But we should not solve the market need solely through the prism of economics.   As I mentioned earlier, nuclear needs a new narrative with Main Street for site licenses, for energy planning, and for public policy support.  In this parallel arena, we have also innovated and have a new and fresh message, one based on passive safety and viable waste management.

As I mentioned earlier, the IMSR, and Molten Salt Reactors, in general, are entirely different reactor systems and, as such, have fundamentally different risk profiles.  It is risk profiles that drive engineering requirements and costs.   Molten Salt Reactors display excellent natural properties for decay-heat management and we have designed the IMSR to make the most of these properties.    As such, the IMSR offers the possibility of passive safety rather than engineered safety – the IMSR design offers a “walk away safe” level of assurance:  zero operator intervention, even with a total loss of site power.

The IMSR has a much smaller and relatively short-lived waste footprint.   It burns its nuclear fuel far more completely and generates power with higher thermodynamic efficiency than solid fuel reactors.  Together this leads to creation of only one-sixth of the long-lived Transuranic fuel waste (essentially, plutonium) per kilowatt hour compared to the nuclear plants we have today.  As those in the industry know very well, it is the long-term management of Transuranic fuel waste that is the most vexing waste management problem today – and we believe we address it convincingly.  We can also make the statement that the IMSR will generate 30% less fission products per kilowatt hour, another challenging waste stream to manage but with a shorter time horizon.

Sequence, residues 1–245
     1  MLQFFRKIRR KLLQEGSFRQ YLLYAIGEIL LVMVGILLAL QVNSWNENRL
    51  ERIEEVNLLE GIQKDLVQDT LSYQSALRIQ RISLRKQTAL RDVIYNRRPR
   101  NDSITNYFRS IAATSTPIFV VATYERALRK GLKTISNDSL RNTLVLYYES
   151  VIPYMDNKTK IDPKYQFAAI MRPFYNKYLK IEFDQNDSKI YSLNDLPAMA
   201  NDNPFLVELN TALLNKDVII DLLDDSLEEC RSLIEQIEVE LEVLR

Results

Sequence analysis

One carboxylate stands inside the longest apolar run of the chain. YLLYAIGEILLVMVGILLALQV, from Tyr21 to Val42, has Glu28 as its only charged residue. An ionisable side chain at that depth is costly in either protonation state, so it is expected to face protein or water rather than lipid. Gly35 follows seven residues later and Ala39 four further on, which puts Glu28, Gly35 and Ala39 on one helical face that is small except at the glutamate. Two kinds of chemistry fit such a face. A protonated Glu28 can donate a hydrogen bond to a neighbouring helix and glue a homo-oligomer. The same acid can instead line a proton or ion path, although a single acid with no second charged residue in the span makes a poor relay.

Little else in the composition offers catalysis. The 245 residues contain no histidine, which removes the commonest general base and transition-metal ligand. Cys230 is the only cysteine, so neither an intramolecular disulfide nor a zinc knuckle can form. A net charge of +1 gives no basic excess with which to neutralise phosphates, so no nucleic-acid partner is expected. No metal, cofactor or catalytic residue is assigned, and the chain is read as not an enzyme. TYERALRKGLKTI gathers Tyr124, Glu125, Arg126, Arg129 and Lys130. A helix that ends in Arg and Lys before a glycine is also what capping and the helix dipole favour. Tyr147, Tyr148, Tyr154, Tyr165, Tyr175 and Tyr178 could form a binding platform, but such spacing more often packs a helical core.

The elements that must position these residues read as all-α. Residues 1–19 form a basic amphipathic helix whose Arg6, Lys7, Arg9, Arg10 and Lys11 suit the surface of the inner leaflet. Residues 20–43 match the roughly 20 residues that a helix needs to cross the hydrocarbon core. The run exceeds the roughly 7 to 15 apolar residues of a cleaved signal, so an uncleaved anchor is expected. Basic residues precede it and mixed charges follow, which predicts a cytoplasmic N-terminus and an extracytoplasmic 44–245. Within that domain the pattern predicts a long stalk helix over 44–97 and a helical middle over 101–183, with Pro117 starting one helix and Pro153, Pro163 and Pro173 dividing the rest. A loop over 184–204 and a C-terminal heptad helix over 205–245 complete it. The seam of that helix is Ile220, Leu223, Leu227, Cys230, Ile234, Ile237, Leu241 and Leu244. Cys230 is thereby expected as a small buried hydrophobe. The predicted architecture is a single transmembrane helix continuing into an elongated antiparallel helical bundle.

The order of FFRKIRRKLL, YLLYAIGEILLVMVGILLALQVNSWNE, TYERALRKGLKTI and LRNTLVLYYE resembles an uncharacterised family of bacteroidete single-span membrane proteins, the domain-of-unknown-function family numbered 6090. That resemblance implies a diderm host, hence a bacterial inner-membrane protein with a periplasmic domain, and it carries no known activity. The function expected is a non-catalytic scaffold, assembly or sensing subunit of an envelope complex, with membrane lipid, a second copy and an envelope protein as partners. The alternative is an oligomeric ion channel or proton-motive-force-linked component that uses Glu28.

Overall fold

IMSR spent fuel recycling, which we believe will be commercially viable and achievable before 2030, offers the prospect of virtually no long-term Transuranic fuel waste from IMSR power generation.   This future prospect simply does not exist for today’s reactor systems that use solid fuels.